By Sam Christiansen
Bob and I watched the Yembi Yembi video and sneaked pieces of hot elk steak. “You’ll be a different person when you come back,” he said. I didn’t tell him what I was thinking, but I knew better. I don’t change that easy. In fact, I was so divided between seeking the adventure and running from it that I wasn’t sure I’d ever find out what changes might take place. After months of making and changing travel itineraries, getting shots, passports and visas, meeting with team members, writing support letters, and talking to church congregations, we were within days of our appointed departure.
Travel to a third world country would involve coming face to face with other cultures. I didn’t expect it to begin in LAX, however, but it did. And so began an odyssey of traveling some 50 hours, through four countries, and into mind-numbing cultural experiences. It also began an educational experience far beyond the reach of any formal classroom, in any university. But even exceeding the issues of travel, culture, and learning was the issue of faith. Faith that we would return home — and in a reasonable time. Faith that the needs of an ill-prepared, lacking-in-experience group of six Midwesterners traveling to distant lands would be met each step of the way. Faith that our limited skills and knowledge of what we were getting into could make an eternal difference. The issue of faith would be the essay question on the semester final. Would we pass muster? Would we, like Peter, have the faith to step out of the boat and onto the raging sea?
Stepping off a jet plane and onto a jungle tarmac in a place that only faintly resembles an airport is exhilarating. Coming face to face with people whom you have not seen for two years and care deeply about is a thrill. It isn’t, perhaps, on the same par as the joy of seeing your child for the first time, but it’s close! Finally, arriving at Wewak and hooking up with Tony and Tara was an incredible experience. We felt more than just a little bit like the lost sheep being found! It was homecoming, Christmas, a birthday, and the Fourth of July all rolled into one exuberant celebration. Frankly, it defies description.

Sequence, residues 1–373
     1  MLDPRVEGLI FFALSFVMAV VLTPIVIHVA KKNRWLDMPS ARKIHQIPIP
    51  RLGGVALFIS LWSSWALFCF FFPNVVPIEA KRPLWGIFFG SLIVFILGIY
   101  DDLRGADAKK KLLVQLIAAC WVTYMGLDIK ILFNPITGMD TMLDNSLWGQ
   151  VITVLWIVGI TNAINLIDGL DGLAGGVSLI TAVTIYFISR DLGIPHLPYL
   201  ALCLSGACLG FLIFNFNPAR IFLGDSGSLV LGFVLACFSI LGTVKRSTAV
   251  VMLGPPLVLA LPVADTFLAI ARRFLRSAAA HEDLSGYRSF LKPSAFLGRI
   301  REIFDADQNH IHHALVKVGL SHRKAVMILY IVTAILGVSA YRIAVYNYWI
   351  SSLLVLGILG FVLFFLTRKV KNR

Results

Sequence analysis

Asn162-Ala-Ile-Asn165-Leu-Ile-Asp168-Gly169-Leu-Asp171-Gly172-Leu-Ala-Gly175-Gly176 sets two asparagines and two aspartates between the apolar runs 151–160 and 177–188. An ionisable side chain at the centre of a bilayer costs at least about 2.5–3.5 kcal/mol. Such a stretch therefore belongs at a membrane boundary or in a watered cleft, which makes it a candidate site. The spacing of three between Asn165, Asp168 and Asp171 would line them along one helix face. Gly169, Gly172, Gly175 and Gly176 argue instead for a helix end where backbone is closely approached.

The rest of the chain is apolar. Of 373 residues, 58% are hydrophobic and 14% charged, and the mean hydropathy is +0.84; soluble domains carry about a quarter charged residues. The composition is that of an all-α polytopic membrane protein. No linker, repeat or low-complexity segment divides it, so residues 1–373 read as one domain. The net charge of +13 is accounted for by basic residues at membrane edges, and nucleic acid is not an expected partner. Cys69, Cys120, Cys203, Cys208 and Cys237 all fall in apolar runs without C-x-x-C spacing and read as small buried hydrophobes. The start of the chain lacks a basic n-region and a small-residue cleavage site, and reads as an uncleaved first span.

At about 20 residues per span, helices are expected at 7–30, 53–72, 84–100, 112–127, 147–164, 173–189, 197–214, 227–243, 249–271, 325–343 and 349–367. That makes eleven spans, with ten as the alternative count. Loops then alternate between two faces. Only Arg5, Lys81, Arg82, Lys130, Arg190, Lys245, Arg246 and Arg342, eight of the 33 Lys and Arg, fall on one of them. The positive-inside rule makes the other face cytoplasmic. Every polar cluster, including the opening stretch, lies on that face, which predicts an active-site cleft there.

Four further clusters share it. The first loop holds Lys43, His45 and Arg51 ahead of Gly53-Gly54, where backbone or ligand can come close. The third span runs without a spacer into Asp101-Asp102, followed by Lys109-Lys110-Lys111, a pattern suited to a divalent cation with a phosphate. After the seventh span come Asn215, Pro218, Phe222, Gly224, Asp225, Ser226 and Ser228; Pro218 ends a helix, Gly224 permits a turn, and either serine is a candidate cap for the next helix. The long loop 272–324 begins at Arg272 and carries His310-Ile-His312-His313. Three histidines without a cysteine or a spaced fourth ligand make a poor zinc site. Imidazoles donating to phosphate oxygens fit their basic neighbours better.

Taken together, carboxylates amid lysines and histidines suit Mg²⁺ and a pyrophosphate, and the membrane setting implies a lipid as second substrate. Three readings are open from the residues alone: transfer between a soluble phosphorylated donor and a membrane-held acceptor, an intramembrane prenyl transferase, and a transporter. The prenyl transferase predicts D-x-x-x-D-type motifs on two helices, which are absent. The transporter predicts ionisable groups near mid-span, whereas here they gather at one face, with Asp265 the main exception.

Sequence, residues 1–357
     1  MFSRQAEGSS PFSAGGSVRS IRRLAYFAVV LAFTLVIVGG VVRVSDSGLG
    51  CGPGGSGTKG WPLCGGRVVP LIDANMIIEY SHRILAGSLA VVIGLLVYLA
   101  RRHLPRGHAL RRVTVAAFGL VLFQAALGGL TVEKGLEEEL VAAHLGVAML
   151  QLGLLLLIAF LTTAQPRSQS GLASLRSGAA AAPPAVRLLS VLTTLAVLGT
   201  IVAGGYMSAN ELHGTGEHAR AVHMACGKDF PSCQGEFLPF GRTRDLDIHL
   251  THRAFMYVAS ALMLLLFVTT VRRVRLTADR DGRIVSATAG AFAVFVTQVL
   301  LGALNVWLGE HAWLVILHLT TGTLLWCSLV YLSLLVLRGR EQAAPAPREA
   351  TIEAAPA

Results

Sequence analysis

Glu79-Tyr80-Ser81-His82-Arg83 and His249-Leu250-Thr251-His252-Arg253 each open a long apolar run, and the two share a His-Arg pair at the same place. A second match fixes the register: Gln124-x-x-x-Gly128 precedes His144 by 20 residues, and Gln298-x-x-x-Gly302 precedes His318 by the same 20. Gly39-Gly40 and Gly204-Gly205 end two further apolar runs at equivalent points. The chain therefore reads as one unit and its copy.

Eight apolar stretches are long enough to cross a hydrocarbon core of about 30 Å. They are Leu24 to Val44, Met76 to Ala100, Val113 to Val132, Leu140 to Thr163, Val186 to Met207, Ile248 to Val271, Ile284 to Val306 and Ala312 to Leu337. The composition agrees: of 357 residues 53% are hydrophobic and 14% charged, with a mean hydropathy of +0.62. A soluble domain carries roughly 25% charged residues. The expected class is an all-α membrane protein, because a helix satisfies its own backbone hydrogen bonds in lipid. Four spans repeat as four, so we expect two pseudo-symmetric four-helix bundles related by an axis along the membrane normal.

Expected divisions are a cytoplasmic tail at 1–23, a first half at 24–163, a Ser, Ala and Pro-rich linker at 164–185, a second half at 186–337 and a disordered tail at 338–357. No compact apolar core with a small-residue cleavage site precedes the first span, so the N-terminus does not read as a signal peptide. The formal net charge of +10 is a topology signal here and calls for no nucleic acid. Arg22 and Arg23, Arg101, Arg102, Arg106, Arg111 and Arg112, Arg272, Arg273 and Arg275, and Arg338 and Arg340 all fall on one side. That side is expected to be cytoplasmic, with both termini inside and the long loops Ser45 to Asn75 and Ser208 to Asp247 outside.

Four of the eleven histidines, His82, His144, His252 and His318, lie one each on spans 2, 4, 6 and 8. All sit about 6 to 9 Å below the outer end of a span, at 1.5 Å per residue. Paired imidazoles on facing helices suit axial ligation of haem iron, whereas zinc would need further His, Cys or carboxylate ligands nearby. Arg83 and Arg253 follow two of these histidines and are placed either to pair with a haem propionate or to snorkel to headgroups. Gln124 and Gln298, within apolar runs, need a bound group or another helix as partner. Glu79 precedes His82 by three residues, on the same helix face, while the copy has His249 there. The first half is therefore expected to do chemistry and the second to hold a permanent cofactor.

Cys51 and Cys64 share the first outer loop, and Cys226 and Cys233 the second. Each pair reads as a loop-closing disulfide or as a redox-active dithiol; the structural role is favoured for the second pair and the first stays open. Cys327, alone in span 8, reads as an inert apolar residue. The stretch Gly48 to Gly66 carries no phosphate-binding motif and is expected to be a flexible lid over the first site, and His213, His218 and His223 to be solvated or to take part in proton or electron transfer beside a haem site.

Less than 24 hours after arriving in Wewak, we found ourselves loading a 46 foot long dugout canoe in the middle of nowhere for a 5 and 1/2 hour “float” down the Salumei river. This experience defies description as well. On one hand the beauty of the flora and fauna were breathtaking; on the other, the apparent lack of stability of the boat nearly robbed us of breath. Logs, sand bars, engine problems, darkness, and gas tank changes each added their own color to the trip. The arrival in Yembi Yembi was with mixed feelings. Getting onto solid ground and out of the dugout was a blessing. Stepping into a dark village filled with dark-skinned people who did not speak our language gave cause for apprehension.
The apprehension quickly melted into guarded comfort when the village ladies fawned over Scarlet and Logan, when both the men and women refused to let us carry more than small personal effects up the steep hill. Finding a jungle house with beds and electricity at the top of the hill where we would stay added even more to the comfort. Things were looking up!
Our first day of work in the jungle began at sunrise with work on the floor of the house. At mid-morning, we stopped for a leisurely breakfast, returned to work until noon, then swam, changed clothes and ate lunch. After lunch and a relaxing ‘siesta’ we worked until dark, swam again, changed clothes, and ate dinner. After dinner, the more social in our ranks took time for conversation, while others headed to bed, preparing to repeat the process again the following day.